Magnetic whiteboards were once a staple in classrooms and offices across the UK. However, with the rise of interactive whiteboards (IWB) many buyers saw their days as numbered and waited to see where technology was going. As it turned out, the iPad has become a fixture in our working and studying spaces, but this left a physical gap that still needed to be filled. Only now are we seeing how magnetic whiteboards complement technology in a way, which is making IWB obsolete.
The problem with interactive whiteboards
For many schools and offices, the IWB seemed a wise choice. They offer a great way to project text, images and video on a communal screen and offer a way to augment that information in real time with markers. However, many IWB sit around unused.
Their set-up time cuts into classroom time and technical issues leave teachers feeling embarrassed and incompetent. Some even suggest that they negatively impact learning. Overall, from finding power sockets to working around washed out text and images, the experience as a whole can leave many wanting.
Using a magnetic whiteboard
By comparison, school magnetic whiteboards offer a very analogue experience where little can go wrong. Firstly, the residue colour associated with IWB, or ‘ghosting’, left after text and drawings are erased is eradicated thanks to the painted steel board construction. Because of the materials used the creators may of need to use some metal bonding adhesive to keep the product together knowing that it would need to be sturdy and long lasting. You can source these adhesives from sites such as https://www.ct1ltd.com/product-applications/metal-to-metal-adhesive/. The magnets also allow you to add and move visual aids effortlessly to help to convey ideas more easily. Used in the classroom, magnetic boards also allow students to interact directly. They are also much, much cheaper than IWBs.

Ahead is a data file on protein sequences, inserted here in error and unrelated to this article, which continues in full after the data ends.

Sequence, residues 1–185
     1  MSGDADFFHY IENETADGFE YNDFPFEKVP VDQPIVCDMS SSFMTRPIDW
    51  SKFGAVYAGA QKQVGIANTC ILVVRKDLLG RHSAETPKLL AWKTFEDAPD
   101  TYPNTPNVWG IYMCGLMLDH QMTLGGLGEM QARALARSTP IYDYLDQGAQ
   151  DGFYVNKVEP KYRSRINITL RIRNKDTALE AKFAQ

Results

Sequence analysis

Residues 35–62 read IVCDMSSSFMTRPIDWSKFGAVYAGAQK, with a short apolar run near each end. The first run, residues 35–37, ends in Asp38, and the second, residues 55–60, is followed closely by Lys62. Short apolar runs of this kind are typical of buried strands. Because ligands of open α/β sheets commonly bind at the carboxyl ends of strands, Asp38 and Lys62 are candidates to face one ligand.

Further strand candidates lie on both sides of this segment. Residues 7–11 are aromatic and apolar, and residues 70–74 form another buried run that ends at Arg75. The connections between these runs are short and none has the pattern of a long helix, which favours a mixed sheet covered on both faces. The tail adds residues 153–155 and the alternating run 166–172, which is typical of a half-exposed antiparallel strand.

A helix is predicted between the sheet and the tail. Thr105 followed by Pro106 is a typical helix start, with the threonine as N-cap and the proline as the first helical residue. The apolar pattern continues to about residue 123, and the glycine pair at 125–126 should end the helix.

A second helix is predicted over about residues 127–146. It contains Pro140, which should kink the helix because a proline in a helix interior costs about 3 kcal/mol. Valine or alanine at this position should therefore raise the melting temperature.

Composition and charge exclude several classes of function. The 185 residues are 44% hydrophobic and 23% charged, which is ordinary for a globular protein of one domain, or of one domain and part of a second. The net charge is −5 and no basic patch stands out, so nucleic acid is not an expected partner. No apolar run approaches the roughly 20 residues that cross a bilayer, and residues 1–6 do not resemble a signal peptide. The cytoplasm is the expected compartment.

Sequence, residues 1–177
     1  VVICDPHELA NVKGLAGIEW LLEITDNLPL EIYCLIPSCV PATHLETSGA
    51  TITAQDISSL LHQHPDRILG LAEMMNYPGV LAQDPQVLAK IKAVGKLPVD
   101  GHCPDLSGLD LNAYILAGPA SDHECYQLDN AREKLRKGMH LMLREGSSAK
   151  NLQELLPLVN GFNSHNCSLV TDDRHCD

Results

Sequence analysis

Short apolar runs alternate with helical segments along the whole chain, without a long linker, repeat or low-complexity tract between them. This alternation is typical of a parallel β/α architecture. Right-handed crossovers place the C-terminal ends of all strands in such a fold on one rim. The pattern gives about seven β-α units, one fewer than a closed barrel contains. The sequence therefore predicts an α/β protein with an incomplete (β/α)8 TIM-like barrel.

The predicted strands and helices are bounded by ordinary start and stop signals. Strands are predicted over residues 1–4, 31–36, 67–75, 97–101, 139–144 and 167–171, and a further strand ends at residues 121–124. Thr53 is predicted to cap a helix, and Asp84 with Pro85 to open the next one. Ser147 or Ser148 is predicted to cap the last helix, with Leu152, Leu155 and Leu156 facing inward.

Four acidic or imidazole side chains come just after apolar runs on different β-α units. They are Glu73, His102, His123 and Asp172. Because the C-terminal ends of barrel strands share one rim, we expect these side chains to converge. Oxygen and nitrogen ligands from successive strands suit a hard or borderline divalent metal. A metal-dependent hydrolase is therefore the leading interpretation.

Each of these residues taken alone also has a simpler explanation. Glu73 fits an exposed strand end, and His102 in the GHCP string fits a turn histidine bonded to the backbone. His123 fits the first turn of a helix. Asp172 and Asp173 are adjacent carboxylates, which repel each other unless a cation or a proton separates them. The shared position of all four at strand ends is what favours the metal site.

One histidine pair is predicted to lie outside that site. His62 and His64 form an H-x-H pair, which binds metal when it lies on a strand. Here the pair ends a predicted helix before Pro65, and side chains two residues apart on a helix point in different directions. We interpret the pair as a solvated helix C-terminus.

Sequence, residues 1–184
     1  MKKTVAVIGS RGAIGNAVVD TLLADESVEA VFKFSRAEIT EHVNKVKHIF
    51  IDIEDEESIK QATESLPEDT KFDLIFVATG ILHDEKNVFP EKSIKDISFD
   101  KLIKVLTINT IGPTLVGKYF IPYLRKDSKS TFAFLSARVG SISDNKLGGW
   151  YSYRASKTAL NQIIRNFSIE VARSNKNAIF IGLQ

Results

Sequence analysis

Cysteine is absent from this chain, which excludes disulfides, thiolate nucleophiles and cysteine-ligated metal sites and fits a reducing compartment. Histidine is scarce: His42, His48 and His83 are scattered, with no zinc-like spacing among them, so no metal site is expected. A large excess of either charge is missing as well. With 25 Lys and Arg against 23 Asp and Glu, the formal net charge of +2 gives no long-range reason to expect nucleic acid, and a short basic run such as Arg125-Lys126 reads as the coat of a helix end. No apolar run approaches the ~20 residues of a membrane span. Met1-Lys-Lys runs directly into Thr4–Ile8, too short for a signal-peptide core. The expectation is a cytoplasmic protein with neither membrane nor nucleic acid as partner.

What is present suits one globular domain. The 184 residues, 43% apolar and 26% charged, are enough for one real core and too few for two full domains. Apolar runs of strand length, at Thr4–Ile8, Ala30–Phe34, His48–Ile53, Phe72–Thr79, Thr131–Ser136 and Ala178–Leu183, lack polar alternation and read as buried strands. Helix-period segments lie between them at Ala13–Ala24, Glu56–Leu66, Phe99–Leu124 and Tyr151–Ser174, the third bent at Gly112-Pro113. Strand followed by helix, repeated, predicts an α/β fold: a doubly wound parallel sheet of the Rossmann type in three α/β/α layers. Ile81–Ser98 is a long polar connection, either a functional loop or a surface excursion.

Another huge advantage is their longevity. Although sales of magnetic boards have fallen off in the last few years, they are still present and usable wherever they remain. Because of their lack of technology, obsolescence can’t occur. Magnetic boards, functional 10 years ago, are still working just fine today.
Magnetic boards also come in a range of sizes and this makes them much more flexible than their electronic counterparts. A smaller wall can still hold a magnetic board and a lack of a power source isn’t an issue either. Not all teachers are tech-savvy and it isn’t connected to being a great teacher. Giving teachers the tools they need to teach better is the first priority.